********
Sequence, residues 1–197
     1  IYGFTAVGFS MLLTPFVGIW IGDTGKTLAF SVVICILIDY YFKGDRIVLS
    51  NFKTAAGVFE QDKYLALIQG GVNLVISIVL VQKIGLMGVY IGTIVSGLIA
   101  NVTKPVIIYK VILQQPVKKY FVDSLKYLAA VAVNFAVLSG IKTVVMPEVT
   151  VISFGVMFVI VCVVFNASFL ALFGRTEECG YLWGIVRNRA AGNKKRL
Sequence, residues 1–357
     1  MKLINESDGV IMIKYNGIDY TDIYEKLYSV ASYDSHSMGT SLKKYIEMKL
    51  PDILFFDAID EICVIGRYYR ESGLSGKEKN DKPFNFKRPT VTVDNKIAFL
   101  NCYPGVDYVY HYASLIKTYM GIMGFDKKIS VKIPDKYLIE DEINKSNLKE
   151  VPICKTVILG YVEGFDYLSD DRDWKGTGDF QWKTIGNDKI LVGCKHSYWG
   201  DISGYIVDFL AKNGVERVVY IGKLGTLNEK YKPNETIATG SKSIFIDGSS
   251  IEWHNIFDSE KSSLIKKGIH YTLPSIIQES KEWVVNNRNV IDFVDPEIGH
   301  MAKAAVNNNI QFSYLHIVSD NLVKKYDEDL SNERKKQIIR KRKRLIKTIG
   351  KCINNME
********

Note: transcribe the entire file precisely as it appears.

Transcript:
Sequence, residues 1–197
     1  IYGFTAVGFS MLLTPFVGIW IGDTGKTLAF SVVICILIDY YFKGDRIVLS
    51  NFKTAAGVFE QDKYLALIQG GVNLVISIVL VQKIGLMGVY IGTIVSGLIA
   101  NVTKPVIIYK VILQQPVKKY FVDSLKYLAA VAVNFAVLSG IKTVVMPEVT
   151  VISFGVMFVI VCVVFNASFL ALFGRTEECG YLWGIVRNRA AGNKKRL
Sequence, residues 1–357
     1  MKLINESDGV IMIKYNGIDY TDIYEKLYSV ASYDSHSMGT SLKKYIEMKL
    51  PDILFFDAID EICVIGRYYR ESGLSGKEKN DKPFNFKRPT VTVDNKIAFL
   101  NCYPGVDYVY HYASLIKTYM GIMGFDKKIS VKIPDKYLIE DEINKSNLKE
   151  VPICKTVILG YVEGFDYLSD DRDWKGTGDF QWKTIGNDKI LVGCKHSYWG
   201  DISGYIVDFL AKNGVERVVY IGKLGTLNEK YKPNETIATG SKSIFIDGSS
   251  IEWHNIFDSE KSSLIKKGIH YTLPSIIQES KEWVVNNRNV IDFVDPEIGH
   301  MAKAAVNNNI QFSYLHIVSD NLVKKYDEDL SNERKKQIIR KRKRLIKTIG
   351  KCINNME